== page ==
In Islington North, the argument about running a unity candidate has yet to be resolved. I cannot get confirmation, but my best guess is they will choose Caroline Russell, a popular and impressive Green councillor, who has been the sole opposition voice in what is otherwise a one-party Labour state.
That agreements of any kind are being reached between rivals is testament to the willingness of Jo Swinson and Caroline Lucas to dispense with tribalism in a national crisis, and to the work of Heidi Allen’s Unite to Remain. Its staff have analysed all available data from polls, elections results and canvassing returns. Its most optimistic assumption, based on Nigel Farage splitting the right-wing vote, suggests that 200 seats could be vulnerable to a remain challenge. Allen and her backers have also provided financial incentives to cooperate. Like so many others, remain donors want a common front. If the parties can agree on a single candidate in a seat, Unite to Remain will finance him or her directly. If they can’t, they don’t get a penny.
When the histories of the Brexit debacle are written, I am sure they will concentrate on the crucial failure of the Labour party to mount an effective opposition. It already haunts the Unite to Remain campaign. It cannot enter into formal pacts with pro-European Labour MPs, because Labour at national level will not offer concessions in return. In any case, Corbyn is still a pro-Brexit Labour leader, and his supporters give every appearance of hating Jo Swinson more that they hate Boris Johnson.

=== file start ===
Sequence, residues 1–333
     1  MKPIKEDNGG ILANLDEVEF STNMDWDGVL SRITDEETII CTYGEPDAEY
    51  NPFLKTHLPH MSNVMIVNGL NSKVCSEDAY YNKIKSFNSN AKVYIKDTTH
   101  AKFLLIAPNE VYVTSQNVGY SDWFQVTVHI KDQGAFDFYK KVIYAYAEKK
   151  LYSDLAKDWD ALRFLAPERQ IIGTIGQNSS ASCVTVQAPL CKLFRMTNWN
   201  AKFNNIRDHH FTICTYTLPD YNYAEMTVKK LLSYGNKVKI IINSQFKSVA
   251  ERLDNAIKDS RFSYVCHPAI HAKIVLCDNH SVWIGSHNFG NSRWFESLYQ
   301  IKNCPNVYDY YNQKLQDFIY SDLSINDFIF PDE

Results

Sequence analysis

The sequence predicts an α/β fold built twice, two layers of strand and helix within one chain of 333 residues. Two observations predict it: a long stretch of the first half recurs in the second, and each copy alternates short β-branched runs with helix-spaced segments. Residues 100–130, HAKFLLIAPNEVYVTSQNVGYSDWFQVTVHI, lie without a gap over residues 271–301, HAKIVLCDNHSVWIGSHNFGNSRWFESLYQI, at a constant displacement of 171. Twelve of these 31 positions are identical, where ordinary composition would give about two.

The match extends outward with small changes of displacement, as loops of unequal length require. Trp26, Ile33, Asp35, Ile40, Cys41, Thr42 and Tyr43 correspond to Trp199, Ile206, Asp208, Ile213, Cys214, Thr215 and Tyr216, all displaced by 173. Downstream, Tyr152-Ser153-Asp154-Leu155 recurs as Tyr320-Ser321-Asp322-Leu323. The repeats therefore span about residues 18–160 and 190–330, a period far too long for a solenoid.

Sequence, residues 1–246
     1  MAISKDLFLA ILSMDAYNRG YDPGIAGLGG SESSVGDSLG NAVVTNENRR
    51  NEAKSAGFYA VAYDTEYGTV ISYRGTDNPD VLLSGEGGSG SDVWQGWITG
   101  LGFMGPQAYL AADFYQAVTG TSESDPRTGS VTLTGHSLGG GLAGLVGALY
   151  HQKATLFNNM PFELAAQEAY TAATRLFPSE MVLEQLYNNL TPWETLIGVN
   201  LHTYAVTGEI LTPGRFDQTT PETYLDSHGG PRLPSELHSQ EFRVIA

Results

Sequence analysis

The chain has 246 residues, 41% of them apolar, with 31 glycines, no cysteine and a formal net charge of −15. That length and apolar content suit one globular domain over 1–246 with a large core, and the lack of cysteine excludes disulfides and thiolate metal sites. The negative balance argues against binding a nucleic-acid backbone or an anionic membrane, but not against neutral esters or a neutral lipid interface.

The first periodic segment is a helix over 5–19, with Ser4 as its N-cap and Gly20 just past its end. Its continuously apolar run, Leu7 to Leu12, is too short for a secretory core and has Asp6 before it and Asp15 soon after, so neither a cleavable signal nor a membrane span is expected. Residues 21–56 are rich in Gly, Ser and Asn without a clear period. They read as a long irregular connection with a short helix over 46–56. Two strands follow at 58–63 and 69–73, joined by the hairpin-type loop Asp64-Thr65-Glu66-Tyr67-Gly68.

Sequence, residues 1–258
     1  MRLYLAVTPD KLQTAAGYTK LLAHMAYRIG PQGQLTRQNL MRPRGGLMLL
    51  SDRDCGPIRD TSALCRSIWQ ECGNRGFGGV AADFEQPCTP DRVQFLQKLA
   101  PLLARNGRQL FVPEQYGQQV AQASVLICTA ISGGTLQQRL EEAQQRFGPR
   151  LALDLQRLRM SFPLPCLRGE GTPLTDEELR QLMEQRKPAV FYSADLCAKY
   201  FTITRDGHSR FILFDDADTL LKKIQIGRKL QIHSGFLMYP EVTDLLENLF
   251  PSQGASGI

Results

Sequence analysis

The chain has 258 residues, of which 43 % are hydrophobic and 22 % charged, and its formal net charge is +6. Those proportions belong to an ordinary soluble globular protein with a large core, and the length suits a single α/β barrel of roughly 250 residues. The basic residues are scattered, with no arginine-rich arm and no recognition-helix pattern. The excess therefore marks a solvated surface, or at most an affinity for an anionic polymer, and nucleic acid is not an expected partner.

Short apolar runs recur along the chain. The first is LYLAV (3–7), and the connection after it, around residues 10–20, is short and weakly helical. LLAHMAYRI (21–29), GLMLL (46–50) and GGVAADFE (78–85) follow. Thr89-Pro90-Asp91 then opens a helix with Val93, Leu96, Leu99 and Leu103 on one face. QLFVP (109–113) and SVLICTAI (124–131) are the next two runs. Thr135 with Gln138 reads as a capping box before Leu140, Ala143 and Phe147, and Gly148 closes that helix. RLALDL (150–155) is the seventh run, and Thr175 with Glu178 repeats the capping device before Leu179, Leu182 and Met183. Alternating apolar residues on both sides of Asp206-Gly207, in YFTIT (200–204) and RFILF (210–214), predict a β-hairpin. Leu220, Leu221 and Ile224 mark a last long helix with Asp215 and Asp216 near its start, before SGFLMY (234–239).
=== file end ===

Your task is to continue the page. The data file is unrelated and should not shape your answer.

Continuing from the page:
I am told that Labour MPs who have fought Brexit will face only paper challengers. There will be a Liberal Democrat on the ballot paper, for instance, in Ben Bradshaw’s Exeter and Peter Kyle’s Hove but campaigning efforts will be directed elsewhere.
That may not be enough. In three- or four-party contests, and with first-past-the-post system going haywire, a few thousand or even a few hundred votes to a small party may let Conservatives in through the middle.
More generally, I cannot see how the Brexit right can can be beaten if the main opposition party does not dispense with far-left sectarianism and declare itself willing to build the widest possible alliance against Johnson and Farage.
But then I am a habitual pessimist and, for once, would enjoy nothing more than being proved wrong.